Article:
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"They met me on the day of my success, And with new Titles did thy lord address. They call'd me Thane of Cawdor, and strange thing!

Declar'd hereafter I should be a King.

I then receiv'd a message, and I vow,

The Thane of Cawdor is my

title now. Consider this until we meet again;

"Till when your loving husband I remain.” Cawdor thou art!-Glamis, thou wast before,


And by and by, my dear, thou shalt bé more... ›Ÿ

But much I fear thou hast a chicken heart;
Thou wou'dst be great-wou'dst act a noble part,
For thou'st ambition and good sense I grant,
But impudence, alas! thou seem'st to want;
Oh yes-thou woud'st have greatness at com.

But for that greatness wilt not soil thy hand.
Then hie thee hither hither love, repair,
And take of my effrontery a share;

I'll teach thee this false conscience to subdue,
And to be great, thou dirty work shalt do.

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A fellow-servant came here on the wing,
say the Thane is coming with the King.


Lady Macbeth.

Receive them well,

(Serv. ex.


Hoarse is that raven sure, That croaks the king's arrival at our door. Now all ye imps of hell, ye furies pray, Drive from my heart sweet gentleness away. Unsex me teach me fine insidious speeches, Make me a devil-let me wear the breeches. (12)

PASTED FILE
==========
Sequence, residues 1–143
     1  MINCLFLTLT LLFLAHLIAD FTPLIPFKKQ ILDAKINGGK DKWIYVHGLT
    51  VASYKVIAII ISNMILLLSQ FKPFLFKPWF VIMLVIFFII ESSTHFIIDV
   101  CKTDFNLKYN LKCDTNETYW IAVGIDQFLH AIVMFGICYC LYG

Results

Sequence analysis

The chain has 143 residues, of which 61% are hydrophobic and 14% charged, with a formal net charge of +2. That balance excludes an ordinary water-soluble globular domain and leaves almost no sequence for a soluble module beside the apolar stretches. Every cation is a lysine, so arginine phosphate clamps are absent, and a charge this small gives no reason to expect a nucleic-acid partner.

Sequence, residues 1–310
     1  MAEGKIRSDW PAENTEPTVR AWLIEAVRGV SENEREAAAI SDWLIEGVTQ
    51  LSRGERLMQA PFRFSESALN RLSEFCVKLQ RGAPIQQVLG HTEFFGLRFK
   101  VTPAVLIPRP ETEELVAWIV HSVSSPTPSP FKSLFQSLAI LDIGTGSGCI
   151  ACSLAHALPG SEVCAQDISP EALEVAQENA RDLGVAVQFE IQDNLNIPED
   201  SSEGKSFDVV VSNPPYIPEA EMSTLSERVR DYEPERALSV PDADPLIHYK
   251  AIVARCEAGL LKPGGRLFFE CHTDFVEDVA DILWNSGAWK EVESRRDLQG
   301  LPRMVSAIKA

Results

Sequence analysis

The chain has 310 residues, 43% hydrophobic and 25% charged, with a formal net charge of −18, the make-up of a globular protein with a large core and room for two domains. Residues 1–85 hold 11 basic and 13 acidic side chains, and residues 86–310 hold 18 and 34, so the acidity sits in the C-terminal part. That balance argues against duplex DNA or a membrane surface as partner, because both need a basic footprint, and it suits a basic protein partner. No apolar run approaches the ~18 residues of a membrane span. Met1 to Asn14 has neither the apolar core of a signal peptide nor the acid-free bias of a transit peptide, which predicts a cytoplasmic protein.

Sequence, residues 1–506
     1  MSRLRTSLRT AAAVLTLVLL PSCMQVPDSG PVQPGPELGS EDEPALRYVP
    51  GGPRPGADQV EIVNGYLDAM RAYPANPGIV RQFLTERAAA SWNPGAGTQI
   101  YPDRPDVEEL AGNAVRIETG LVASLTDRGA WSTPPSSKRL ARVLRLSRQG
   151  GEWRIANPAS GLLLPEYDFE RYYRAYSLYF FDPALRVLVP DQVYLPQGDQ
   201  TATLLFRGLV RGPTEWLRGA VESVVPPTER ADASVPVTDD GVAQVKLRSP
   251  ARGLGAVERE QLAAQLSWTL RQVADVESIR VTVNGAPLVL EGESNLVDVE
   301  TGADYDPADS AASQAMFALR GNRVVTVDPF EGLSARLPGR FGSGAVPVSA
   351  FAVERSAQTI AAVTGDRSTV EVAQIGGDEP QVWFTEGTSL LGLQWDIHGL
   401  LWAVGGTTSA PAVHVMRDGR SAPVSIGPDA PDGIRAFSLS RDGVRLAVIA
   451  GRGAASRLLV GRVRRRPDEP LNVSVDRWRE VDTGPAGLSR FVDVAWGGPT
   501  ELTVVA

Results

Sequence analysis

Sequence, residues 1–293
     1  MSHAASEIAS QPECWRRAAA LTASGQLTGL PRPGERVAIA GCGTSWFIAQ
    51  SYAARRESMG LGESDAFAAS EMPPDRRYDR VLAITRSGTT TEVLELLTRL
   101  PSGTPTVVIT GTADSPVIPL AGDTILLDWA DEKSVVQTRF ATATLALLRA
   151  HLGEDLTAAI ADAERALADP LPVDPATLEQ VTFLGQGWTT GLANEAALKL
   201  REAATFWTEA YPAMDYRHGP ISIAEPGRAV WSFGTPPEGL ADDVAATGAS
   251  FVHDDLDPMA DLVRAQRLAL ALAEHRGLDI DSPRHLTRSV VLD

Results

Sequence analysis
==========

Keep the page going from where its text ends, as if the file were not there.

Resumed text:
Enter Macbeth. (They embrace).

Great Glamis-Cawdor too-but I foresee,
Greater than both, by what is yet to be;
Your letters have afforded me vast pleasure,
In short, I am transported beyond measure.


My love, this night his Majesty here spends.

Lady Macbeth.

When leave us pray?

Lady Macbeth.

When Duncan goes to bed, Sir,
His Chamberlains I'll ply

With wine 'till almost dead, Sir,
Then eyes we may defy.

Singing fal, lai, la.


All being fast asleep, then,
O'ercome with drink and food,
I'll to their bedside creep, then,
And sprinkle them with blood.


Singing fal, lal, la.

When we have murder'd Duncan, With razors which they've brought, These fellows stain'd and drunken, Th' assassins will be thought.

With their fal, lal, la.

End of Act I.




SCENE-The Hall.

Enter Macbeth thoughtful—he suddenly stops and starts.

Is this a razor which obstructs my sight,
The handle next me? damn't, I'll hold it tight.

(Jumps up, catches at nothing, reels and falls.)

I have thee not, and yet I see thee there—
my head -now hov'ring in the air.

(Gets up and looks stedfastly.)

Art thou not-dreadful something in disguise, As sensible to hands as to the eyes?

Or but a thing of fancy-a meer hoax, (13) Proceeding from some mischief-making jokes?

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